Thursday’s report called for an investigation into the role the earthquake played in the accident. "As for direct cause of the accident, the commission reached the conclusion that we cannot definitely say any devices that were important for safety were not damaged by the earthquake," it said.

"We cannot rule out the possibility that a small-scale LOCA (loss-of-coolant accident) occurred at the reactor No 1 in particular."

The panel was also critical of Naoto Kan, the prime minister at the time of the accident, whose "direct intervention" in the early days of the crisis had caused confusion in the chain of command and wasted valuable time.

Kan has said he decided to intervene in the emergency response because Tepco and safety officials appeared incapable of doing so.

The parliamentary panel said there was no evidence, however, to support Kan’s claim that Tepco was preparing to withdraw all of its workers from the plant in the immediate aftermath of the accident.

But it accused Tepco of ignoring warnings going as far back as 2006 that a tsunami could cause a blackout at the plant.

The firm, regulators and the government had "failed to correctly develop the most basic safety requirements, such as assessing the probability of damage, preparing for containing collateral damage from such a disaster, and developing evacuation plans for the public in the case of a serious radiation release," it said.

"Since 2006, the regulators and Tepco were aware of the risk that a total outage of electricity at the Fukushima Daiichi plant might occur if a tsunami were to reach the level of the site."

The 10-member commission is one of several panels investigating the Fukushima Daiichi accident. The report follows a six-month investigation involving more than 900 hours of hearings and interviews with more than 1,100 people.



Article from: guardian.co.uk





Also tune into:

Helen Caldicott - Fukushima & Nuclear Energy

James Corbett - Hour 1 - Fukushima Disaster Update

Matthew Stein - Hour 1 - When Technology Fails & Six Civilization Busters

Richard Sauder - Ayahuasca Visions & The AI Machine’s Nuclear War on Humanity

Ian Crane - Depopulation Disasters, Fukushima, E. Coli & Stuxnet

Sterling Allan - Hour 1 - Defeating Conspirators: Free Energy Technologies










Related Articles
TEPCO President says costs stemming from Fukushima compensation impossible for utility to bear
Japanese seismologists warn of possible active fault line dividing Ohi reactors


Latest News from our Front Page

If Someone Secretly Controlled What You Say, Would Anyone Notice?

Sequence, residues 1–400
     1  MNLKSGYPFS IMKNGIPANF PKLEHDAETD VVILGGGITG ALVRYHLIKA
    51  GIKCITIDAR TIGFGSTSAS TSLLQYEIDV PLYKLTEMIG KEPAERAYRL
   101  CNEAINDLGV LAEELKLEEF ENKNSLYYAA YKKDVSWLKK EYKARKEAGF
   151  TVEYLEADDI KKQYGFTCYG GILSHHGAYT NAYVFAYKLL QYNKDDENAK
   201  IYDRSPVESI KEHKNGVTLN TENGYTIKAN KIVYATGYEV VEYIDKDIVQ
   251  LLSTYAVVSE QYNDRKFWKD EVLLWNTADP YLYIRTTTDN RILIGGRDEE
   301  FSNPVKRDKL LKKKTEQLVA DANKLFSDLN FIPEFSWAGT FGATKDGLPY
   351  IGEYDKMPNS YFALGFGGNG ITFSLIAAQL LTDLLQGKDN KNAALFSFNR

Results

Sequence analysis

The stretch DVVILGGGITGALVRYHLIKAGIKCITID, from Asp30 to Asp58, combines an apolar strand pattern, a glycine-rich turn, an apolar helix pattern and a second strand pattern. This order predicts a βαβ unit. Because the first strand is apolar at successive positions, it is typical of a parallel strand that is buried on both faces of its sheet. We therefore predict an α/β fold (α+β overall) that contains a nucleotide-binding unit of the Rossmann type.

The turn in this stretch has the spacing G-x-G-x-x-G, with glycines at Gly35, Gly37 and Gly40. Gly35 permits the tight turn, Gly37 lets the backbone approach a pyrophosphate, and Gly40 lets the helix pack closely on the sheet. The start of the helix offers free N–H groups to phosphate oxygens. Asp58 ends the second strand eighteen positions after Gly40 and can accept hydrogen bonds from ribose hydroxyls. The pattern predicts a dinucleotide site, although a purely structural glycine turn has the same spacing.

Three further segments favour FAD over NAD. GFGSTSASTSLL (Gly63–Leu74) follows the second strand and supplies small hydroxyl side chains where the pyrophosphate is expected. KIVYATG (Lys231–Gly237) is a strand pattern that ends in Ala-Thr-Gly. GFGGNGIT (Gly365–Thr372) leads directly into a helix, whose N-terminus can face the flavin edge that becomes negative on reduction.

2014 10 01
The subject enters a room in which a 12-year-old boy is seated. A 20-minute conversation ensues. The subject quizzes the boy about current events and other topics to get a sense of his intelligence and personality. But the boy is not what he appears to be. Unbeknownst to the subject, the boy is wearing a radio receiver in his ear, and ...
Obama has had accurate intelligence about ISIS since BEFORE the 2012 election, says administration insider
2014 10 01
‘President Barack Obama’s intelligence briefings have provided him with specific information since before he won re-election in 2012 about the growing threat of the terror group now known alternatively as ISIS and ISIL, an administration insider told MailOnline on Monday. ‘Unless someone very senior has been shredding the president’s daily briefings and telling him that the dog ate them, highly accurate ...
Can holding a magnet against your head help defeat depression?
2014 10 01
Former GP Sue Mildred suffered from crippling depression and anxiety for 20 years. On two occasions it was so severe that she ended up in hospital, and for 15 years she was unable to work. Sue, 51, has tried antidepressants, talking therapies and, out of desperation, even ECT (electro-convulsive therapy), where an electric current is passed through the brain. This did ...
Extremists to have Facebook and Twitter vetted by anti-terror police
2014 09 30
Theresa May to announce new Extremist Disruption Orders to strengthen counter-terrorism if the Tories win the next general election Extremists will have to get posts on Facebook and Twitter approved in advance by the police under sweeping rules planned by the Conservatives. They will also be barred from speaking at public events if they represent a threat to “the functioning of democracy”, ...
Scottish Independence: Protesters demand revote
2014 09 30
Pro-independence campaigners gathered outside the Scottish Parliament for the second day in a row, this time to demand a revote of the September 18 referendum. While yesterday’s “Rally For A Revote” saw the return of Saltires and Yes banners to Holyrood, it did not match the turnout for the “Voice Of The People” rally held on Saturday, when up 3000 people ...
More News »